Public Knowledge President Gigi B. Sohn announced that four winners have been chosen for the 2010 IP3 awards. In addition, a special President’s Award will also be presented. The name of that winner has not yet been disclosed.
This year, the awards will be given Pamela Samuelson, Susan Crawford, Michael Geist and Nina Paley. Awards are given to individuals who over the past year (or over the course of their careers) who have advanced the public interest in one of the three areas of “IP” –Intellectual Property, Information Policy and Internet Protocol. The awards will be presented at a ceremony Oct. 13 in Washington, D.C.
Pamela Samuelson is recognized for her work in information policy. Samuelson is one of the pioneers in all aspects of cyberlaw, having been one of the first to see the connections and contradictions between an emerging digital environment and the law. Her scholarship, expertise and advocacy for reform range across crucial issues, ranging from privacy, copyright, freedom of expression, intellectual property and consumer protection, to name only a few items. The legal clinics she and her husband, Robert Glushko, have endowed across the country provide students practical experience in the public interest aspects of information and technology law.
Susan Crawford is the award winner in the Internet Protocol category. Crawford is known as one of the foremost supporters of a free and open Internet, a position she supports in her writings, speeches and Congressional testimony. She served in the White House as the Special Assistant to the President for Science, Technology, and Innovation Policy, advocating for Net-friendly policies. She also was a member of the Obama transition team evaluating the Federal Communications Commission. Earlier this year, she rejoined the faculty of the Cardozo Law School.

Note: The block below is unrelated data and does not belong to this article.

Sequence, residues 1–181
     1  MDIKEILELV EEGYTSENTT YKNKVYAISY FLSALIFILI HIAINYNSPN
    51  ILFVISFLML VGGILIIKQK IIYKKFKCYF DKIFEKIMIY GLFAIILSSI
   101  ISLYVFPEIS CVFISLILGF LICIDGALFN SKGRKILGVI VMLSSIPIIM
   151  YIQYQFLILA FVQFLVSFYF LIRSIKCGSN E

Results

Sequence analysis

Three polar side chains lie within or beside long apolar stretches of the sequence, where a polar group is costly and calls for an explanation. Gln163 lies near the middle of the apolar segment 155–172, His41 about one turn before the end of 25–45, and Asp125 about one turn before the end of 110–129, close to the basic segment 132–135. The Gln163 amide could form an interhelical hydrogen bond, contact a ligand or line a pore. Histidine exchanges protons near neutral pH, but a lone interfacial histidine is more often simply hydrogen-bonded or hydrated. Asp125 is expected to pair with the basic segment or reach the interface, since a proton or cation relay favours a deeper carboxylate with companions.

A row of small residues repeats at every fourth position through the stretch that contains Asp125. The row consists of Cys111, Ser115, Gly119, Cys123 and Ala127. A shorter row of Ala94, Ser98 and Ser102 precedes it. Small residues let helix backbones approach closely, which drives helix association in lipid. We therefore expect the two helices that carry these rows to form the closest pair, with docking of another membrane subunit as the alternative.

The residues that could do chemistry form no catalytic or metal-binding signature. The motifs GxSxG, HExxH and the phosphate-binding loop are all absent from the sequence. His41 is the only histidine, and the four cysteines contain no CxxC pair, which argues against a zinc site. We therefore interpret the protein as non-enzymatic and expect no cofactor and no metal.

Michael Geist, a law professor at the University of Ottawa, is recognized for his work in intellectual property. Geist’s blog is a must-read for anyone in the field. He writes in depth, and has organized opposition to, about Canadian copyright policies. Over the past couple of years, however, he is best known for his work exposing and explaining the Anti-Counterfeiting Trade Agreement (ACTA). Geist has been responsible for drafts of the treaty being made public, even as governments around the world wanted the texts kept secret, and for his analysis of the geopolitical politics behind the complex negotiations.
Nina Paley, a New York filmmaker, is being recognized for her work in intellectual property. She created the animated film, Sita Sings The Blues, which mixes Hindu legend with her own life story. She found, however, that while the 80-year-old songs she used in the film were in the public domain, use of them in a film was not, leading to copyright battles and high legal bills. The project took three years and put her $20,000 in debt. She eventually released the film under a Creative Commons Share Alike license, writing on her Web site: “Please distribute, copy, share, archive, and show Sita Sings the Blues. From the shared culture it came, and back into the shared culture it goes.”
The judges for this year’s competition were:
Shawn H. Chang, Majority Counsel, Communications and Technology Policy, House Committee on Energy and Commerce;
Amalia Deloney, Grassroots Policy Director, The Center for Media Justice;
Barbara van Schewick, Assistant Professor of Law and Faculty Director, Center for Internet and Society, Stanford Law School, Professor of Electrical Engineering (by Courtesy), Stanford University;
Siva Vaidhyanathan, Associate Professor of Media Studies, University of Virginia Law School;
Gwen Hinze, International Director, Electronic Frontier Foundation.
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